Mostly – I don't give a damn about movements. I generally prefer to use the best software and I don't care if it is free or not. However when there are otherwise equal projects I will generally choose to use the most free one.

DPic [PersonRank 10]

6 years ago #

Opera is not free software, and i don't see how Unite is social like Facebook. May i see your Unite profile please?

ug [PersonRank 1]

6 years ago #

I almost read that post as spam for Opera ;-)

DPic [PersonRank 10]

6 years ago #

>My point is that the "Free software movement" is a misnomer and they are actually the "open source software" movement.

Please read up on the history of both of those movements before taking this debate any further.

As for your original sentiment that you'd prefer Diaspora over GNU Social, they both use the same license: AGPL v3.

Christiaan [PersonRank 0]

6 years ago #

Here's my prediction. GNU social will be difficult to install and use. It will be the preserve of geeks. There won't be a hosted version or marketing along those lines. And people won't like the name.

ug [PersonRank 1]

6 years ago #

Re the history – I've read a significant amount of literature on the movement. Please advise me as to what I'm missing instead of using ad hominem arguments.

It is silly to think that a license that certain types of uses is more free than one that allows them. Keep in mind that it is perfectly acceptable to fork a BSD licensed project AND distribute source. The GPL model works perfectly with it.

However the BSD license has one advantage that the GPL does not have: companies don't HAVE to release the source. That way a company, like apple, could use a projects source code, like FreeBSD (my OS of choice), and make an awesome OS out of it: the mac . Not only that but then this company could contribute paid developers to help work on the OS.

Re the preference – I was misinformed: I thought Diaspora was MIT licensed. I take back that statement and wish them both equal amounts of luck

DPic [PersonRank 10]

6 years ago #

<<GNU social will be difficult to install and use. It will be the preserve of geeks.>>

Generally, that's how network services work. They run on someone's server and the general public signs up on there.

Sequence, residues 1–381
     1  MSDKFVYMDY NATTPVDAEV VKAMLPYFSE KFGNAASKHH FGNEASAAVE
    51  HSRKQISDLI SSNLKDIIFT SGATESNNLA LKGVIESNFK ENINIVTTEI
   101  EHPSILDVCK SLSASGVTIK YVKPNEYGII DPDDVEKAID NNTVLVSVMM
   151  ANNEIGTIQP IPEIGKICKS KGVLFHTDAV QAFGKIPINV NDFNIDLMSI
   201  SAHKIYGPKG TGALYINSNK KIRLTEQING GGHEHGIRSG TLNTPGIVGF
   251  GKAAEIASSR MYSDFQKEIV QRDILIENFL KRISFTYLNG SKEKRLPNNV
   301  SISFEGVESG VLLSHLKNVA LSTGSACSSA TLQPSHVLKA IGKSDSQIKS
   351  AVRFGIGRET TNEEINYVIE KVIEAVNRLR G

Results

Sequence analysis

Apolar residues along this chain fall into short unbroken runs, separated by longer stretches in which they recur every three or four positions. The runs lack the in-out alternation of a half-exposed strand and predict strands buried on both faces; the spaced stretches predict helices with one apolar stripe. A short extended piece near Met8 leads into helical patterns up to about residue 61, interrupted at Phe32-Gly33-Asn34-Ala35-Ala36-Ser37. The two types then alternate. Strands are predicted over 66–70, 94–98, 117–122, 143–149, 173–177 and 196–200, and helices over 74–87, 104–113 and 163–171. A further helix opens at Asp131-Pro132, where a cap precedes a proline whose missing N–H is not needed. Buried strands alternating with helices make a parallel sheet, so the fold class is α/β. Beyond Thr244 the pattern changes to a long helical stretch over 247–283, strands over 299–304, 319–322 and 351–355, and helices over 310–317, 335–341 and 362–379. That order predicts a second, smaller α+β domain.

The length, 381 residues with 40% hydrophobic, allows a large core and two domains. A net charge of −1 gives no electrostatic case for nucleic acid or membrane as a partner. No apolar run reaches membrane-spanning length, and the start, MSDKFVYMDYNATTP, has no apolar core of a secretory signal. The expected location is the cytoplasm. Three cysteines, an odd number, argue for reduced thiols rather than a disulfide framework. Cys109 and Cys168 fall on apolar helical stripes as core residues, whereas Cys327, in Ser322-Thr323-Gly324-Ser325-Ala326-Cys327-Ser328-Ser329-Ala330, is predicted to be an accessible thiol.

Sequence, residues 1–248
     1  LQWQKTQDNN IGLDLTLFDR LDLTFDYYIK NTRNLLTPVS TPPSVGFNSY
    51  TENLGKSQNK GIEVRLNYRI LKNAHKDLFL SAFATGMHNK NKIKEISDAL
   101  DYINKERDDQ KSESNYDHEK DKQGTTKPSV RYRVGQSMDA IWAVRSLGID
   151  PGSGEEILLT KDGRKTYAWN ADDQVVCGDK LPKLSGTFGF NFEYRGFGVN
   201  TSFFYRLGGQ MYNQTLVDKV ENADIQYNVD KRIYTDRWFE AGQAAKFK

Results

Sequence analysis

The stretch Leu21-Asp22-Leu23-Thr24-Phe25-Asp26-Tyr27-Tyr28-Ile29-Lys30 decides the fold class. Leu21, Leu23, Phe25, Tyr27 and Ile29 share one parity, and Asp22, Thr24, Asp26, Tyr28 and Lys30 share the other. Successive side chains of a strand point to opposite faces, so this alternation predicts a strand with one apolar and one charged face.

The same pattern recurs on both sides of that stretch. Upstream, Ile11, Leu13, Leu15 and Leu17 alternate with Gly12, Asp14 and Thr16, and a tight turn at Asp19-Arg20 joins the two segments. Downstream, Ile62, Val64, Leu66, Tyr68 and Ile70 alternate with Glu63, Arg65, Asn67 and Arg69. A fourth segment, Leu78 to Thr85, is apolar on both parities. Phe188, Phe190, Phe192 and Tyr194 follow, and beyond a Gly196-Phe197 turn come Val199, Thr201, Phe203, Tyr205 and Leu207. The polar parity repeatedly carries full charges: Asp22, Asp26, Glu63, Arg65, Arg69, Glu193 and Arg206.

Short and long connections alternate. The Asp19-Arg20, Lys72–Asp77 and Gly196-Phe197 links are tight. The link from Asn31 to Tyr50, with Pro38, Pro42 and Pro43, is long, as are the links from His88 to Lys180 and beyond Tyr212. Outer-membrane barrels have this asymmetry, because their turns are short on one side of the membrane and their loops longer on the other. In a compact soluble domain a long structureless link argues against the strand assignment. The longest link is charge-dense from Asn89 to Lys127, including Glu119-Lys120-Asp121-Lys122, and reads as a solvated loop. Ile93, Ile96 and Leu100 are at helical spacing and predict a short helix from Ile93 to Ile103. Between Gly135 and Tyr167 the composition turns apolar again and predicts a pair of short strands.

<<There won't be a hosted version or marketing along those lines.>>

As stated, there are already instances of StatusNet up and running, and when GNU social get's stable, they will be running it as well.

<<And people won't like the name.>>

GNU social is the name of the project. You can host a service using it and call it Christaanville if you like.

Summer Glau [PersonRank 0]

6 years ago #

[put at-character here]ug For the history they were pointing out that stallman *started* the free software movement itself. I'm having a bit of trouble thinking that the license designed by the man who started the fs movement is somehow nonfree. I also suggest you look up embedded devices(A place where GPL'd software is used commercially quite often), and Redhat for your claims about bsd's strength is that it's used in commercial settings. Also take a look at freedoms vs powers. The "freedom" to kill someone is hardly the kind of freedom you want to pass around to everyone. For the purposes of free software(As in wants all software to be free) considers the ability to make a proprietary program a power which shouldn't be available.

vfloz [PersonRank 1]

6 years ago #

[put at-character here]DrPic

My meaning was Opera Unite is a nice set of services that could be used to develop a new social network because many functionalities are here, out of the box

The bad point with Unite is that no widget is good enough to aggregate and federate the functionalities.
Thanks to the embedded web server, this could be possible!

David Sterry [PersonRank 1]

6 years ago #

For me software freedom is being able to choose and customize the software you use wherever it may be running. That means being able to run your own instance and modify it but I also prefer AGPL because I wouldn't want my work to be used to subjugate someone else(which is possible with some free software licenses).

I would also like to see all of these projects do more to ensure users have the freedom to move their accounts off to another system with a minimum of pain and inconvenience....I call that the freedom to migrate.

ug [PersonRank 1]

6 years ago #